Oil On the Aperture Blades

I thought it might be useful to do a blog about a lens that I just sold on eBay this week. It was a Nikkor 135mm 2.8 AIS that I’d owned and used fairly sparingly for probably around 15 years. It was a useful lens but nothing I was ever in love with, hence the infrequent use. Recently, I picked up a 180mm 2.8 AIS ED (which I am in love with and will be posting about soon) and because I am a fan of selling excess camera gear, I decided to clear some space for the 180 by selling either my Nikkor 135mm 2.8 Q Pre-AI or the newer, smaller, more expensive AIS version.

I removed both 135’s from my camera cabinet to examine them and decide which one should make its grand exit. The pre-AI lens is very large and heavy. My copy has not been AI’d so I can only use it on my Nikkormats and F2sb, not my FM2n‘s. I thought this lack of versatility would be the reason to say goodbye to my old friend. But as I examined the AIS copy, my thoughts took a turn.

When I removed the lens caps and looked at the aperture blades on the 135/2.8 AIS, I saw that several exhibited dabs of oil, I didn’t recall seeing this previously but then it had probably been about two years since I used this lens.

The dark blemish down center of the aperture is oil. Several blades had similarly sized spots on them but their size was reduced following my initial rotations of the aperture ring

I take very good care of my camera gear from a maintenance standpoint. I have everything that I use regularly, professionally serviced when necessary. And sometimes even when not necessary. I also only buy from retailers service their equipment and offer a warranty. Nothing enters my camera cabinet that hasn’t been serviced in recent history.

But, let’s face it, old is old and even well-kept gear will flake out on us sometimes. Despite having been purchased from KEH with a warranty long ago and having seen maybe only a hundred rolls of film behind it under my care, this lens was no longer in working condition.

As I rotated the aperture ring, the blades did not open and close in synchronization with the settings changes. The oil, which had migrated from the aperture diaphragm blade pivots, was now causing the blades to stick. So if the lens was set to f5.6 and I opened it to f2.8, the blades would open but stop at, say 3.5 and then a moment later, fling themselves open to 2.8. Then from 2.8, I’d set the ring to f22 and they’d stop at about 11 and not even get to 22.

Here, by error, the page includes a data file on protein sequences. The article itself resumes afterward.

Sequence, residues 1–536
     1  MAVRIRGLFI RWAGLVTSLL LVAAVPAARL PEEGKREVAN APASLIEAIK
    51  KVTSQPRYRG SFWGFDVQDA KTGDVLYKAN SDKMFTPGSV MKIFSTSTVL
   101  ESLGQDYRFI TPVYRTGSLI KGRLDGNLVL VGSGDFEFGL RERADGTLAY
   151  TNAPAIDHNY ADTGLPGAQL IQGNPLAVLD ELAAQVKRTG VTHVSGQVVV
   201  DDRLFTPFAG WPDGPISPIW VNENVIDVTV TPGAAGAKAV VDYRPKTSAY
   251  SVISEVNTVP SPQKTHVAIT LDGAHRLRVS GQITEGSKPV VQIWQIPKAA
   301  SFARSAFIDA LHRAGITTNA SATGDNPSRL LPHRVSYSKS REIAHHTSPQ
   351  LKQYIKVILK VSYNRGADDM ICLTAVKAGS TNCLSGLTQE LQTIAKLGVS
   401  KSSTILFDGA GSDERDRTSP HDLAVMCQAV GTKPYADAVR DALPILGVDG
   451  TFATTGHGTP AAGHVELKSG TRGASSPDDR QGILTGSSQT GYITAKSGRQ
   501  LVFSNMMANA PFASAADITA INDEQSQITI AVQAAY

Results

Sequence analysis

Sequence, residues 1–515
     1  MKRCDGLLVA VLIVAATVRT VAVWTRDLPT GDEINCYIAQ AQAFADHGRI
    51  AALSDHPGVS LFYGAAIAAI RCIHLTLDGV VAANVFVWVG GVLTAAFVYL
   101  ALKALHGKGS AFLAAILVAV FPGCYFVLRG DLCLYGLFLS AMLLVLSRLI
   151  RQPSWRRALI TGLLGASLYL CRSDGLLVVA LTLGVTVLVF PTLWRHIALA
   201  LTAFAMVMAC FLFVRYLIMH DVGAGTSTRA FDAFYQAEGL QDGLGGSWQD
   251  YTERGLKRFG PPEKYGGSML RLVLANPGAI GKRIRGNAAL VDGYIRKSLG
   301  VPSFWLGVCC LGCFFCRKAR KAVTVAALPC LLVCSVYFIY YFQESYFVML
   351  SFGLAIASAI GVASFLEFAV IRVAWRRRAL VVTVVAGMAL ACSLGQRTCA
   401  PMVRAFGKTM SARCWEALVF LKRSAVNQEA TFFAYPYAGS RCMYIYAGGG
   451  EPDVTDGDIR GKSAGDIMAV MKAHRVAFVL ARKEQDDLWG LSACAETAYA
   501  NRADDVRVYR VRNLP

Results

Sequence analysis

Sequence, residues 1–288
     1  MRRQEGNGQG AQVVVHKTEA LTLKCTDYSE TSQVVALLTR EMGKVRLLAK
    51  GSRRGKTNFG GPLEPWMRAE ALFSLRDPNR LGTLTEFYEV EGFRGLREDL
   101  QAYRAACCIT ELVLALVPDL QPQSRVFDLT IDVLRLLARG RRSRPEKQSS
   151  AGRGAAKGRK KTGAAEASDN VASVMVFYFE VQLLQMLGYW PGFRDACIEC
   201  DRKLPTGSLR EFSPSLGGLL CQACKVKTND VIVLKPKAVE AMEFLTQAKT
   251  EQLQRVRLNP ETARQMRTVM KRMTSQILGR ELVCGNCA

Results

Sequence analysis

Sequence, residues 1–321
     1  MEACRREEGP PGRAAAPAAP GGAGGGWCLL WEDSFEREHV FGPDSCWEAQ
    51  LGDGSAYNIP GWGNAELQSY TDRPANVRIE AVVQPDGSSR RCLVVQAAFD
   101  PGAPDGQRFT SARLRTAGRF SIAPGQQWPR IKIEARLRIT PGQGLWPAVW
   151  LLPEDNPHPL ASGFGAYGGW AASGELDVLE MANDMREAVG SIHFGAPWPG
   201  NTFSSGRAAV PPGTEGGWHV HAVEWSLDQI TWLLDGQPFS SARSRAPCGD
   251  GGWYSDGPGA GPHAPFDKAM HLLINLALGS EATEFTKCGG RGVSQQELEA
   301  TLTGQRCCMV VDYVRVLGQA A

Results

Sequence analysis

Oil on the aperture blades is a common age-related issue with pretty much all camera lenses. Often with rangefinder lenses, it’s less of a problem because it doesn’t usually cause the blades to stick. But particularly with SLR lenses that feature open aperture metering capability, oil on the blades is a real problem.

Because a camera such as the Nikon FM2n holds the aperture blades at their widest position until the moment of exposure, the blades must fling back and forth from full aperture to the set aperture very rapidly. They can’t do this when they’re sticky.

Sticky, oily aperture blades on open aperture metering SLR lenses can cause incorrect exposures a well as darkened viewfinder images.

The solution is pretty easy and I’ve done it with several of my Olympus lenses which seem to be more prone to the issue than my Nikkor or Pentax’s for some reason. I’m going to tell you how I’ve resolved sticky aperture blades, however, I am a photographer by trade, not a repair tech. So there are probably other, maybe even better ways to do it. I’m only pointing out what I personally have done as an illustration of the nature of the problem. My intention is not to replace comprehensive repair advice from a well-researched book or service from a professional. The later of which is what I recommend if your goal is to concentrate on your photography instead of covering your dining room table with disassembled lenses that your cat inevitably knocks off, flinging tiny, nearly irreplaceably screws into oblivion.

One needs to disassemble then lens down to the aperture blades. The blades do not need to be removed and no further disassembly is required, however, you will also want to clean the surfaces of the glass on both sides of the blades – they likely have some haze on them from the migrated oil too.